Sullivan restructured the administration last year by hiring two new V-Ps, John Simon as provost and Michael Strine as chief operating officer.
Sullivan and Dragas at a recent ribbon-cutting.
An alleged clash between UVA President Teresa Sullivan and the Board of Visitors has resulted in Sullivan's ouster after less than two years in office, leaving faculty and staff at the University in shock. However, details emerging from defensive-sounding Board members suggest that the departure was less a mutual agreement and more of a palace coup orchestrated by alumni and friends of the Darden School.
"We are puzzled and dismayed," says UVA Law professor George Cohen, who, like most other UVA faculty, received the news in a morning email on Sunday, June 10, mere hours before a press conference by the head of the Board of Visitors announced the news to the public.
If it at first seemed like a joke, it was one that had already been made.
Indeed, as an April Fool's spoof in 2011, the satirical Yellow Journal at UVA ran a front page story about Sullivan stepping down after six months, with fake comments from faculty members. Sullivan's legacy will be defined "less by what happened," said a mock Larry Sabato, director of the Center for Politics, "than by what didn't happen during her tenure."
But this time it wasn't a joke. And, according to numerous sources, the forced resignation came as a surprise even to Sullivan, who, according to a report in the Richmond Times-Dispatch, was told on Friday, June 8, in a meeting with Board Rector Helen Dragas, a Tidewater-area real estate developer and Darden grad, that the Board had enough votes to remove her. Faced with the prospect of a board fight, Sullivan chose to resign.
Located adjacent to the Law School on Massie Road, and anchored by Saunders Hall, the campus, designed by New York-based Robert A.M. Stern Architects, has come under fire for being "faux Jeffersonian." Regardless of the quality of architectural design, it is an elite MBA factory, churning out about 300 grads each year, who've paid around $50,000 annual tuition but who often go on to make millions as CEOs and high ranking politicians (former South Carolina Governor Mark Sanford is one prominent grad). Some of that wealth flows back to the school in the form of donations, and, it appears, some alums wield tremendous influence over their alma mater.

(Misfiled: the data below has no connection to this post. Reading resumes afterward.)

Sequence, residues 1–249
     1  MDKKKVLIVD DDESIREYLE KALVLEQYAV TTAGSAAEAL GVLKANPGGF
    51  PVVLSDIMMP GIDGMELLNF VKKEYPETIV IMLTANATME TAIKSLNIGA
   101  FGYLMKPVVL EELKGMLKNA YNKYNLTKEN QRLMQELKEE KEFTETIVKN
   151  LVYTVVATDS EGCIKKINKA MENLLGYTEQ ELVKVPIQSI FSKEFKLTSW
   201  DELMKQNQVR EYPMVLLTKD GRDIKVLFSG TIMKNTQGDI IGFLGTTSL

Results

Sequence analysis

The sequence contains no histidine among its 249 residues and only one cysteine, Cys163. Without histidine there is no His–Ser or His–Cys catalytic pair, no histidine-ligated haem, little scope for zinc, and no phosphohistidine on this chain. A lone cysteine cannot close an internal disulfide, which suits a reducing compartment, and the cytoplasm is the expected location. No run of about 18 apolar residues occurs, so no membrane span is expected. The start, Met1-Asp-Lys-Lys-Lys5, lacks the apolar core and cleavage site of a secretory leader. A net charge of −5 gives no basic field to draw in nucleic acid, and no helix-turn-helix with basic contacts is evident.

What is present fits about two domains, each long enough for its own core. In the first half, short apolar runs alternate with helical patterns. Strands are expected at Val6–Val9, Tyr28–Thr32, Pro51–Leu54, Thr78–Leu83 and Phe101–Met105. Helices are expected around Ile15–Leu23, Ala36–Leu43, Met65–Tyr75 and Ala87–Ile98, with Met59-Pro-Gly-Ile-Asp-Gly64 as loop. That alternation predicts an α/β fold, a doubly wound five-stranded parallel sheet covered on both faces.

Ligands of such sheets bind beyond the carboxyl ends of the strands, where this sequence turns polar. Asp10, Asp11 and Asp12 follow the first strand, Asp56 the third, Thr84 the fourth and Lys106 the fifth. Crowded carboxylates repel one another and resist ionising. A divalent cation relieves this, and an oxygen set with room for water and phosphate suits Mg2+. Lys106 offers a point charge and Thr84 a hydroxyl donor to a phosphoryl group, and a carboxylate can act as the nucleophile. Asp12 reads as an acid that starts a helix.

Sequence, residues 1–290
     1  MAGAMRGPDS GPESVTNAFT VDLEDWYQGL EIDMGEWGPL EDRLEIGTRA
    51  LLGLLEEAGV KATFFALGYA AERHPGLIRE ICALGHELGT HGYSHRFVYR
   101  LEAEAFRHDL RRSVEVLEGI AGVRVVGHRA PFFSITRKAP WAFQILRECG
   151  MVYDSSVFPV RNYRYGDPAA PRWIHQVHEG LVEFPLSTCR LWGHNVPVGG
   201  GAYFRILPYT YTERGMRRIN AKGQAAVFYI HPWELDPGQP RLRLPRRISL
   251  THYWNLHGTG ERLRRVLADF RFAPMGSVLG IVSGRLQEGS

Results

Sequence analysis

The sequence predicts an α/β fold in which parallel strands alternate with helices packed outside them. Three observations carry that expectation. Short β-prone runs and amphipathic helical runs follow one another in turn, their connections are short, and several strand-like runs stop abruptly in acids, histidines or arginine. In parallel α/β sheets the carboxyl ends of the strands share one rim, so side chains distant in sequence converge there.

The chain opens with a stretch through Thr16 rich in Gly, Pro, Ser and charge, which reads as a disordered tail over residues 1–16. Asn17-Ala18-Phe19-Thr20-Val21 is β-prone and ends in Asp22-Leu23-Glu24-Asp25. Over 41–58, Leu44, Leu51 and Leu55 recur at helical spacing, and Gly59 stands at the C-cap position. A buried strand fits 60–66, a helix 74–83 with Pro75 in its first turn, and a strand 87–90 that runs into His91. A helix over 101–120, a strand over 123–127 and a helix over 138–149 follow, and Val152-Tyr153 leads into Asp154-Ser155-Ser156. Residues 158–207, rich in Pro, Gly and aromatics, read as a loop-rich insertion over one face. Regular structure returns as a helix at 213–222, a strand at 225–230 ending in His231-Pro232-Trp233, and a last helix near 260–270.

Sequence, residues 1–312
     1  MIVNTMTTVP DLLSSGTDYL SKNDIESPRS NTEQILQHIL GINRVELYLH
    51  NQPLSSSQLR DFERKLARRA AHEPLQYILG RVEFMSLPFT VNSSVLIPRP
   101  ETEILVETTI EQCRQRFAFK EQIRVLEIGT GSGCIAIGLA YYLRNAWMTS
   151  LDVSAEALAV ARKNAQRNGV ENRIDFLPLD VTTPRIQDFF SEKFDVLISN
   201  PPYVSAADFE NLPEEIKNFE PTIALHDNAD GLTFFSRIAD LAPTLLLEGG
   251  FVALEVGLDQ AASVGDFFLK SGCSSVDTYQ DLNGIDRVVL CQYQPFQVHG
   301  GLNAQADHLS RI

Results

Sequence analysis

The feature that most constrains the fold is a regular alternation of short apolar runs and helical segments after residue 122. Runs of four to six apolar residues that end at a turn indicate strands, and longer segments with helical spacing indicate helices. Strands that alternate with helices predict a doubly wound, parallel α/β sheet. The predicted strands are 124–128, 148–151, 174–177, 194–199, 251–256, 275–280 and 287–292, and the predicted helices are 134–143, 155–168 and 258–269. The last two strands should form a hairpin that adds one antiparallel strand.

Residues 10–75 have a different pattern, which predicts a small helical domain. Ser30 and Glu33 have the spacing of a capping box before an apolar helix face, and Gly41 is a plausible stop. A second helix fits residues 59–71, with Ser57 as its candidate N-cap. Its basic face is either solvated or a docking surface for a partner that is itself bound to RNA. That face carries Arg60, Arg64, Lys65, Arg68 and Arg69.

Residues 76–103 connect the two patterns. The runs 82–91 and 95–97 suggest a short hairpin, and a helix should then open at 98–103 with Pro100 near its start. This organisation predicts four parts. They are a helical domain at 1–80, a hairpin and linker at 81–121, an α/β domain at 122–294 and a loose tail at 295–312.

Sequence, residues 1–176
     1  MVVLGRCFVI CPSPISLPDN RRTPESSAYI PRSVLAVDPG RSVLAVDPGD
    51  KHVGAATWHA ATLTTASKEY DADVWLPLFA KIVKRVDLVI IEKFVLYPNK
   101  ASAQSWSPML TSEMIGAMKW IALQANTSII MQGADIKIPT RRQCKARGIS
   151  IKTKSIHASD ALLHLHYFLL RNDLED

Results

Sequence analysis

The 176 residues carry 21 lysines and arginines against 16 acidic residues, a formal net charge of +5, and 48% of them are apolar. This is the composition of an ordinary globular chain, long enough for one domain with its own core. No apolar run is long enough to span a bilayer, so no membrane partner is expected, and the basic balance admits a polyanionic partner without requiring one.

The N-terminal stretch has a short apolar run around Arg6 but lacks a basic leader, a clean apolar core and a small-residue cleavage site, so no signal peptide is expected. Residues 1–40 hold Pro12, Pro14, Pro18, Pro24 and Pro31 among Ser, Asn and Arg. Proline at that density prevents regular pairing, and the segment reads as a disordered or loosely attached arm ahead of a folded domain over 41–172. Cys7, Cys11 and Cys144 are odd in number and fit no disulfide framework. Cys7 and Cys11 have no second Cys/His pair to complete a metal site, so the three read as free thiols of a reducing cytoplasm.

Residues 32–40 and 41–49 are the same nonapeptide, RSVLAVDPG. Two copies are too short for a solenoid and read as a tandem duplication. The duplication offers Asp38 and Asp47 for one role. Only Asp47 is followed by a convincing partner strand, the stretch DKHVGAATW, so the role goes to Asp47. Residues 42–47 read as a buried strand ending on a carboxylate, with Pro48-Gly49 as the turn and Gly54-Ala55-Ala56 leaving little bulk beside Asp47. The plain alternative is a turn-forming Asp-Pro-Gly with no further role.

Rector Dragas remained tight-lipped during the Sunday afternoon press conference, refusing to divulge specific reasons for forcing Sullivan out before excusing herself to vote along with only two other members of the Board's Executive Committee, Hunter Craig and another Darden alumnus, vice-rector Mark Kington. However, details have begun to emerge, and outrage has only grown, particularly after yet another high profile Darden alumnus sent an email in the wake of the announcement revealing that he'd been working on "this project" with Dragas for several weeks at the behest of "two important Virginia alums."
As reported by the Times-Dispatch, which obtained a copy of the email by Darden School Foundation chair Peter Kiernan, the Darden official attempts to calm anxious Dardenites over the suddenness of the decision by assuring recipients that Dragas "has things well in hand" and apologizing for the secrecy, claiming he was "sworn to keep the process confidential."
Prominent UVA-based media scholar Siva Vaidhyanathan says he's disgusted by what he calls "unprecedented" secrecy.
"I have never seen a board act so recklessly, arrogantly, and secretly in my entire life," says Vaidhyanathan, who calls Sullivan's ouster "very scary" and "deeply embarrassing" to the University. "Everything they've done," he says, "is 180 degrees away from the scholarly tradition that had made UVA great."
Kiernan, who lives in Greenwich, Connecticut and who recently penned a book titled Becoming China's Bitch: And Nine More Catastrophes We Must Avoid Right Now runs a venture capital firm. But it's his former role as a partner at Goldman Sachs and as a prospective member of the UVA Board that has raised some eyebrows.
Vaidhyanathan leaps at the "philosophical difference" mentioned by Sullivan in her brief statement following the announcement.
"The philosophical difference is the difference between how an MBA thinks and how a Ph.D. thinks," says Vaidhyanathan. "It looks like a cabal of MBAs have decided that we need creative destruction or some sort of high energy, bold visionary re-engineering of the University."